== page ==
Shoulder Cookie has likely been an idea for years, but it hasn't been popularized very much until summer studies at East Campus Term 2 2012. The idea arose when a group of 2nd-years and a 3rd-year (Tyler Tinari, Clayton Delp, Ian English, Carly Pittman, Savannah 'Lilli' Eubank and many others) were at lunch during the first week of TIP. Tyler had a cookie and everyone at the table wondered how eating a cookie could be more interesting. They thought and eventually, the idea of nibbling the cookie while it rested on their shoulders came about. Soon enough, the idea stuck and the craze spread all over campus. There are many accounts of 4th years, RCs and even teachers participating in this activity (some on video).
The unofficial champion of shoulder cookie and variations (under 'Variations') is Tyler, although no times have been recorded yet.
The object of 'Shoulder Cookie' is to eat the cookie as fast as possible and/or to eat the cookie faster than opponents (optional, but recommended) following the rules below.
- The regulation cookie is the sugar cookie from the Union at East (possibly other campuses) during lunch and dinner. Chocolate chip cookies may also be used.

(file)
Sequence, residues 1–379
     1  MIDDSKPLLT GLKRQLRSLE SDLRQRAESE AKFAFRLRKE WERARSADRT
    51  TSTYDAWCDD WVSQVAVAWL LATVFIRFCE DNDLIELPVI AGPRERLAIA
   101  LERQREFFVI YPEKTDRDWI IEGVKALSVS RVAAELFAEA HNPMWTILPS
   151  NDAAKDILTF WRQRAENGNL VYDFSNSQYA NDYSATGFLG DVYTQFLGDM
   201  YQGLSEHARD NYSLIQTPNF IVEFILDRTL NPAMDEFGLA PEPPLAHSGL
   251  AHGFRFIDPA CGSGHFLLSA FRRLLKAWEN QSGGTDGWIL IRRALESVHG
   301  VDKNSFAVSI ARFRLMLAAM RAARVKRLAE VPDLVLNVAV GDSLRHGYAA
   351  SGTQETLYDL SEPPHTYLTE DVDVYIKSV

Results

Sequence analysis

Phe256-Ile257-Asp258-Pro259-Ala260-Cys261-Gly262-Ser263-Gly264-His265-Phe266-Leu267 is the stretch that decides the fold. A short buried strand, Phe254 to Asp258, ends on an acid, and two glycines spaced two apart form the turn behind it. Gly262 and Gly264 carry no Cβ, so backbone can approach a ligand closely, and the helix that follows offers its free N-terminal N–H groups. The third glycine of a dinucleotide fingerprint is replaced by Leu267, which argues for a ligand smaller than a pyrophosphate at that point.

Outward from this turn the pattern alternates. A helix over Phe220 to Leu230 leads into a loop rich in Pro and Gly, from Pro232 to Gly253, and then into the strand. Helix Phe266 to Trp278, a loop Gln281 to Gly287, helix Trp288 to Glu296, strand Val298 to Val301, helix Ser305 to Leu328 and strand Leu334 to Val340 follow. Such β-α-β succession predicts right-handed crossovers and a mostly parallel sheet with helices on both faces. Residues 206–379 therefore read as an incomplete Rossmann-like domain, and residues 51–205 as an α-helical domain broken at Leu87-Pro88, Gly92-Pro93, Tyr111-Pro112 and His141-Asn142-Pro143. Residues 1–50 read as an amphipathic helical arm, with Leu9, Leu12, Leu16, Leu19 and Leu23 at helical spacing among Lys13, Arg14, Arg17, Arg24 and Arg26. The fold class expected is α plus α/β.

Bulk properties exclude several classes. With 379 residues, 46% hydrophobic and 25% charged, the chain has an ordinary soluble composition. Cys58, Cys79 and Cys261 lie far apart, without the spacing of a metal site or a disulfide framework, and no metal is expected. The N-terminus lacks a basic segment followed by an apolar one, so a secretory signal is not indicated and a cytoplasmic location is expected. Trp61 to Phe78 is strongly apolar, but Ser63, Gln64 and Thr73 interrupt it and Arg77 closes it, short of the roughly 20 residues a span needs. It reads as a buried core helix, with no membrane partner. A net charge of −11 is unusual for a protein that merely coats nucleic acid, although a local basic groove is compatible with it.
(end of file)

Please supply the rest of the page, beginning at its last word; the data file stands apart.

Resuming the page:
- You must position the cookie before the game starts. If you position it (with anything but your mouth) during the game, you will be disqualified.
- You can't touch the cookie with anything but your mouth and your shoulder.
- The cookie must stay in contact with the shoulder for the duration of the game.
- If the cookie falls to the ground during the game, you are disqualified. (Optional: you can eat it off of the ground)
- You are allowed to move your shoulder in order to eat the cookie, but you can't force the cookie into your mouth with your shoulder.
- Have fun. Or not. Your choice.
- Shoulder krispy (rice krispy treats)
- Shoulder M&Ms
- Double shoulder cookie
- Shoulder fry
- Lilli's less appropriate version of shoulder fry (not on shoulder)
- Shoulder drink (not recommended)
- Shoulder ice cream sandwich
- Shoulder girl c;
There are also variations where the rules and/or objectives are altered, so either of those stated above are just regulation guidelines.